Note: Even with a disappointing jobs report that was released on 1.14.11, the number of workers voluntarily leaving their jobs has surpassed those being laid off for 8 out of the last 10 months, including the past four straight months. The number of job openings is up 20% over that period compared to a year ago, according to today’s Job Openings and Labor Turnover Survey.
January 11, 2011 – More employers are resolving to show employees how valuable they are in a stepped-up effort to retain top talent amid an improving job market, according to OI Partners-The Miles LeHane Companies, a global talent management firm.
That’s because employers are more often hearing “I quit” from workers, even with a high unemployment rate.
- The number of workers voluntarily leaving their jobs has surpassed those being laid off for 8 out of the last 10 months, including the past four straight months (February-November 2010), according to the U.S. Department of Labor.
- The number of job openings rose 19.7% over the same 10-month period as a year ago (February-November). However, the number of job openings in November 2010 was still off 26% from the number of job openings before the recession began in December 2007 (3.3 million vs. 4.4 million).
- The unemployment rate fell to 9.4% in December as the economy added 1.1 million jobs in the past year, or an average of 94,000 per month.
- It’s becoming more expensive to replace departing employees. It costs an average of 2.5 times an executive’s salary, and 2 times a manager’s pay, to replace them, including costs for recruitment and training, lost business, severance pay and benefits, according to a survey by OI Partners.
- About two-thirds of employers are concerned about losing managers and almost half are worried about losing executives, according to the survey of 262 employers by OI Partners.
“Many companies are leaner than before the recession, so when valued employees leave, it’s tougher to replace them. It takes a higher toll on the workplace, where average workloads have increased,” said David C. Miles, managing partner of OI Partners-The Miles LeHane Companies.
“Departing employees take with them not just their skills, but their knowledge, experience, and relationships with customers, compounding the damage,” said Miles.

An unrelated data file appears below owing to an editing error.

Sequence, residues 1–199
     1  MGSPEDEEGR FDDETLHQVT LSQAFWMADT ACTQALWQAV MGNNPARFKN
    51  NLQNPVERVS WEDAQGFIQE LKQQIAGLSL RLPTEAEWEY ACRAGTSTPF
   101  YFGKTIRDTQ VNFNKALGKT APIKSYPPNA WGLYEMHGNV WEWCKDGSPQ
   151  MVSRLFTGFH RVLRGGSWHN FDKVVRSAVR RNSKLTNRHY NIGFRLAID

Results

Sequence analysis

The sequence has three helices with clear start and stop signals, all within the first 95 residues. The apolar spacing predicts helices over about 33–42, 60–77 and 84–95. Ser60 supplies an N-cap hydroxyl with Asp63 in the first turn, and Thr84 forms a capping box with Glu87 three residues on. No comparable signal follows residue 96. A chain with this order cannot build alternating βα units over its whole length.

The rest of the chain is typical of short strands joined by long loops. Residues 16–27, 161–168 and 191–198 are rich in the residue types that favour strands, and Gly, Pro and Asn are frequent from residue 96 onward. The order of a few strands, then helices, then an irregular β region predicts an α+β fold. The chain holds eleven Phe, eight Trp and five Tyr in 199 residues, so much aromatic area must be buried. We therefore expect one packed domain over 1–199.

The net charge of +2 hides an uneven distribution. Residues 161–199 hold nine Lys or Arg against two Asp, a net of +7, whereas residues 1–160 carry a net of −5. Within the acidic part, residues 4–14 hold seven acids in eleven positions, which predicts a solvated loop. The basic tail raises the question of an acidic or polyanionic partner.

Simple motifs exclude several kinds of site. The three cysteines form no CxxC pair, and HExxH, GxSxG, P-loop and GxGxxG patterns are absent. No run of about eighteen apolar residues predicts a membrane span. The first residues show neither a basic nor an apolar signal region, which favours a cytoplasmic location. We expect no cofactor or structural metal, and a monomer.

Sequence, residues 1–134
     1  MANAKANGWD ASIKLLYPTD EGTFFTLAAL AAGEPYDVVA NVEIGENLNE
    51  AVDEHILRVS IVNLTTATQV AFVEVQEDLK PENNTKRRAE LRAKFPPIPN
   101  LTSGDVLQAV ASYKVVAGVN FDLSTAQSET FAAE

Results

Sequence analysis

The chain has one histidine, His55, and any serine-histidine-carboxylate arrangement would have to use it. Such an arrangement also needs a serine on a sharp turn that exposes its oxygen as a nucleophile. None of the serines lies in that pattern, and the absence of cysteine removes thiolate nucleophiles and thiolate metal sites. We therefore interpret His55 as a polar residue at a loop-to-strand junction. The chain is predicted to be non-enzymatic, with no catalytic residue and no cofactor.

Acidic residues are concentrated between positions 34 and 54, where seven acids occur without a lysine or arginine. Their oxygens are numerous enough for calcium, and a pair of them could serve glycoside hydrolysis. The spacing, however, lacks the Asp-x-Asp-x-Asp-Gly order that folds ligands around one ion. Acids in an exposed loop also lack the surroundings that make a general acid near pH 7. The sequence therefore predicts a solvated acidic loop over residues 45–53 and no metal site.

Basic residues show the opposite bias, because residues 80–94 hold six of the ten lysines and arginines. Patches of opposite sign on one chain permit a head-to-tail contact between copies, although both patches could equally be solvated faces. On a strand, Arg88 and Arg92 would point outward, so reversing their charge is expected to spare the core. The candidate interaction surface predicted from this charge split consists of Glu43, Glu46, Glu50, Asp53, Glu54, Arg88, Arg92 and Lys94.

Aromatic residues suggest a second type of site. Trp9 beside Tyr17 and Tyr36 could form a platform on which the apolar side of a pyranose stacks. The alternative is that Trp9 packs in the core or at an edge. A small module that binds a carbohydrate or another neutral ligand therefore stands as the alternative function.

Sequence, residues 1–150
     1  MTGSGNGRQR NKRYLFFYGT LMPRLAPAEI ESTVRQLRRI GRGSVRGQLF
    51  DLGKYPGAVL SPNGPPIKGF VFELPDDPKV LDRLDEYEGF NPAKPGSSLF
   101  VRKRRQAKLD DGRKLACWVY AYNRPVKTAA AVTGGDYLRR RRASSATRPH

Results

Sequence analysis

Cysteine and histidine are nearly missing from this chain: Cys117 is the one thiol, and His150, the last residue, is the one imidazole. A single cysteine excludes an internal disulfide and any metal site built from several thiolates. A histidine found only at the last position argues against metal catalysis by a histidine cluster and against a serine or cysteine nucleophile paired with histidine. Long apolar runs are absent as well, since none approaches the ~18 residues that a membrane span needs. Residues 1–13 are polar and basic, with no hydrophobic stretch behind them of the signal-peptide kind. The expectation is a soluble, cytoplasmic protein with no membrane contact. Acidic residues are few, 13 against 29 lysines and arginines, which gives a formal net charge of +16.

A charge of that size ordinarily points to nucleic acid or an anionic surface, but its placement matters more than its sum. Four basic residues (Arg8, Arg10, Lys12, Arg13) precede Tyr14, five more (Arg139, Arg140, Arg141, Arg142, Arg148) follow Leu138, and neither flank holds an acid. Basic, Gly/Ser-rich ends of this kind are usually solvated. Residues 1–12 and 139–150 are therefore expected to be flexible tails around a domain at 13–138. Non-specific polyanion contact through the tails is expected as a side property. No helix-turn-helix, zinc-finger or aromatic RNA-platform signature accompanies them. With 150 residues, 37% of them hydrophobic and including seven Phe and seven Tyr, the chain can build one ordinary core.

“More employers are making it a priority to demonstrate to workers how valued they are. It’s no longer enough to say ‘be happy you have a job.’ Companies need to be intentional about engaging and retaining top talent. People who have been treated the same as lesser-performing employees will be looking to go where they feel they are a better fit,” Miles added.
Among the ways employers are demonstrating to employees how much they value them are:
- Developing “career paths” for top performers and providing them with coaching to help them achieve these future positions. “More companies are concentrating on their ‘A-team’ players and those they want to develop into top-tier employees,” said Miles.
- Sharpening their knowledge and skills. Supplying inside and outside coaches and on-the-job training to polish employees’ management and interpersonal skills are the top ways companies in the OI Partners survey are using to retain managers and executives. “Coaching in management and interpersonal skills also helps people become better bosses, improving the retention of their subordinates,” said Miles.
- Improving compensation and benefits. “Although higher pay is not the top reason why employees leave, companies that have recovered sufficiently to make up for past wage and benefit freezes, pay cuts, or small raises, will be expected to provide some financial reasons to stay,” said Miles.
- Teaching employees new skills. “Even if you don’t have an opportunity to promote good performers, challenge them with projects that will enable them to learn new skills and take on new responsibilities,” said Miles.
- Making sure they are in the right jobs. “Some employees are not fully engaged in their work because they are not in the right jobs. They may be looking to leave not because they don’t like their employers, but because they don’t like the work they are doing. Discover which roles they can play that are mutually beneficial,” said Miles.
- Communicating company goals and strategies and each worker’s part. “Employees want to feel involved in what’s going on and inspired by what’s ahead so they can remain engaged and motivated,” said Miles.
- Recognizing their contributions. “People want to feel appreciated for the work they do and the value they bring. Design low-cost ways of keeping people motivated, including expressing appreciation through face-to-face meetings, personalized e-mails and notes, and tokens of thanks,” said Miles.